On proper use of communication in development

The following links came to my attention in a relatively narrow span of time. There would be a lot to be said but I will keep it brief.

Last month someone explained their reasons for leaving the Linux Kernel development team in an article that consequently got quite some attention. Apparently a toxic culture is encouraged there, under the motive of promoting open, direct discussion that doesn’t shy away from tackling issues.

Whether the motive is genuine or rationalized could be meat for debate by the way but, moving on. Last week this mail was posted by Linus Torvalds on the LKML, painfully illustrating the problem. Warning: (im)mature language.

Then, someone proposed this rephrased version, which is the reason of me posting today.

This here, is not just a joke, a funny contrast or Linus getting schooled; this is a lesson for anyone and an example to follow, this is what you want and the standard you should promote and expect from yourself and others in any development team you belong to. Especially so if you are a lead.

Readings on the roles of senior programmer and lead programmer

Here are some of the best articles I have read on the topic. They surely will help you understand what people expect from you and what you should expect from yourself as you become a lead:

GDC 2015 presentations

The Game Developers Conference took place last week in San Francisco. As I am starting to see more speakers publish their slides, I am creating this post to keep track of some them (this list is not meant to be exhaustive).

For a more extensive list, Cédric Guillemet has been garnering links to GDC 2015 papers on his blog.

An artificial light that looks like light from the sky


The Italian company CoeLux has apparently managed to create an artificial light which uses a material that mimics the atmospheric scattering, to look like sunlight and light from the sky. Judging from the photos and videos available on their website, it seems the look is very convincing.

As they point out, this could have a serious impact on architecture, as available sunlight is a factor in the design of buildings. Unfortunately, at this stage it is a prohibitively expensive product for the average consumer, and likely targeted at the construction industry. But it might be only a niche for some years before expanding to a larger scale.

The news websites PetaPixel and Colossal have previously covered this topic last month, and included some larger product photos made available by the company. But the most interesting coverage might be the one by Lux Review, who met CoeLux at an exhibition booth and made the following video. From their article:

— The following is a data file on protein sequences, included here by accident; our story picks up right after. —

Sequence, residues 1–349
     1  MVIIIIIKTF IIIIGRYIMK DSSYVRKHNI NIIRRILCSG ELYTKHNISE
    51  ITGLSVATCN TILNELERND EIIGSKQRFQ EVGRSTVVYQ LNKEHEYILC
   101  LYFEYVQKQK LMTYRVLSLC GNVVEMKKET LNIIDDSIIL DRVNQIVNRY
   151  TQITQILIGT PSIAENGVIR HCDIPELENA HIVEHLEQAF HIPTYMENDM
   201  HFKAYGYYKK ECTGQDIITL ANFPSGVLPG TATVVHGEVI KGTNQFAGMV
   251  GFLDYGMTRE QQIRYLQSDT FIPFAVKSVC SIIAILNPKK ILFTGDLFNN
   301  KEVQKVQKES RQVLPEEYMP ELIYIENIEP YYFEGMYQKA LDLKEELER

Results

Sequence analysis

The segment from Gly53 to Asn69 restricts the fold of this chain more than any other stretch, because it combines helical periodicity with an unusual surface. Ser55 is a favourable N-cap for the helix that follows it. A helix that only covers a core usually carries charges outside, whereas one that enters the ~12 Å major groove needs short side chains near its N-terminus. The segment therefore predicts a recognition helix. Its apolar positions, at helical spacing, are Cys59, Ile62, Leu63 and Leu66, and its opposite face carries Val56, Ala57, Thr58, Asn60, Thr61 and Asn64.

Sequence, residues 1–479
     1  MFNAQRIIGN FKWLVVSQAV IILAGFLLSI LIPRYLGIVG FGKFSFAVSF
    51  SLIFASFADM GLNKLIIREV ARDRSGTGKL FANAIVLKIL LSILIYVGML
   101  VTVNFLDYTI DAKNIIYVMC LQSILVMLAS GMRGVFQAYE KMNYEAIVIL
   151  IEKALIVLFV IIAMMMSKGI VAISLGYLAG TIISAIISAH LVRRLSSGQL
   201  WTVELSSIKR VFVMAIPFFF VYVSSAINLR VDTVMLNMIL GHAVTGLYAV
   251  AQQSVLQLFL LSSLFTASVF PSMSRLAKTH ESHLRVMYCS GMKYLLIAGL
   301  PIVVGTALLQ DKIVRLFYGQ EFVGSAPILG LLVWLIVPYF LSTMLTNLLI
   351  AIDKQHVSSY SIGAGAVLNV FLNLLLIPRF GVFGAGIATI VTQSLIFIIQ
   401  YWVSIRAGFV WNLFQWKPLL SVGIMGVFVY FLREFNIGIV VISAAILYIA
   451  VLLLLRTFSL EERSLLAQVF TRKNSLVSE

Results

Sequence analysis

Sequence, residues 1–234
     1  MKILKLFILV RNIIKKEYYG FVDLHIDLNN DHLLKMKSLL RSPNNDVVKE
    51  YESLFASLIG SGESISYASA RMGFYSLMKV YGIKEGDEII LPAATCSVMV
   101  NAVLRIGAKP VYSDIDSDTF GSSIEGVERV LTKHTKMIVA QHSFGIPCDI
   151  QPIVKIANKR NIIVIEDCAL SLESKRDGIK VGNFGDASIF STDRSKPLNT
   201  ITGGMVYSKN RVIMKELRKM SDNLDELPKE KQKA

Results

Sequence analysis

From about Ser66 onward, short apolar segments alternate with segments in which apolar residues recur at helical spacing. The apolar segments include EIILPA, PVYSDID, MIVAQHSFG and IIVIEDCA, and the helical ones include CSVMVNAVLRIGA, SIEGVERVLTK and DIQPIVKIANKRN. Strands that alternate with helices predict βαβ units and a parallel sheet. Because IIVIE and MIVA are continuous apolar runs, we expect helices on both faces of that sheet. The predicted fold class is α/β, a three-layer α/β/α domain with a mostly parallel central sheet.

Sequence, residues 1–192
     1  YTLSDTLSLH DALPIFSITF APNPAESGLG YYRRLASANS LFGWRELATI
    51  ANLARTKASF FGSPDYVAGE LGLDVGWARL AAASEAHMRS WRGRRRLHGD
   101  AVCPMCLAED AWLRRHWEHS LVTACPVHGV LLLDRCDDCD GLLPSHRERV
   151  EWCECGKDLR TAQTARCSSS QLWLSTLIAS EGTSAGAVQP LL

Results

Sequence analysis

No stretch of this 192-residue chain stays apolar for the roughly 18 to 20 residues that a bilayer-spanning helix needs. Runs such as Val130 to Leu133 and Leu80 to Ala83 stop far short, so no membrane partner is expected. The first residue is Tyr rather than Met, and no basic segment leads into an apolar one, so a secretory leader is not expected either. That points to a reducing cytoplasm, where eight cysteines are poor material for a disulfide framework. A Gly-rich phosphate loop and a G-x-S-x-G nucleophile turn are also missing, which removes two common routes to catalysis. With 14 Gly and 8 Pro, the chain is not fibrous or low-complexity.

No, the light source doesn’t move… yet. No, the colour temperature isn’t dynamic… yet. The void height needed is a metre. It consumes 340W of electrical power, but that will come down as LEDs improve.

Update: a YouTube channel presented a way to build such an artificial window at home. See: Building an artificial window.

IOCCC2012: ASCII fluid dynamics

This IOCCC entry by Yusuke Endo is an ASCII fluid simulator using smoothed-particle hydrodynamics. Once compiled, the program takes an ASCII art on standard input, and shows the animated simulation on a 80×25 terminal.

Here is a demonstration of the program:

Statistics of the gaming hardware and software

If you need figures or maybe just an idea of what hardware and software the gaming public is using, it’s all out there, gathered and published by the big boys:

Quick change list overview script

A part of my daily routine when arriving at the office in the morning is a quick overview of the code changes since the previous day. It’s not a full blown code review, I only rapidly look at the most important parts of the code base, but I make a point of doing it every day. It allows me to stay informed and notice if something is wildly going in the wrong direction.

This is something I do every day, so it has to be quick and simple. I don’t want to have to open three windows, ctrl-select and right click all over the place. Especially since, like I said, it’s the morning, meaning my neurons are still not talking to each other much yet. I need something dead simple.

Here is a short command line shell script I wrote for doing just that: show me the changes since the previous working day. It uses date with some fancy options to figure weekdays, as well as colordiff and less for comfortable reading. Just launch it from the terminal, and there you have all the changes ready to be scrolled. Feel free to use it if you find it useful.


if [ $argn -lt 1 ]
    echo "Usage: $0 <paths>"
    exit 1

startDate=`date --date="$dateRequest" +"%F"`
startDay=`date --date="$dateRequest" +"%u"`

if [ $startDay -gt 5 ]
    dateRequest="last Friday"
    startDate=`date --date="$dateRequest" +"%F"`
    startDay=`date --date="$dateRequest" +"%u"`

echo "Changes since $startDate:";echo;echo

for d in $@
    echo "$d"
    svn log -r{"$startDate"}:HEAD "$d"
    svn diff -r{"$startDate"}:HEAD "$d" -x --ignore-space-change | colordiff
) | less -R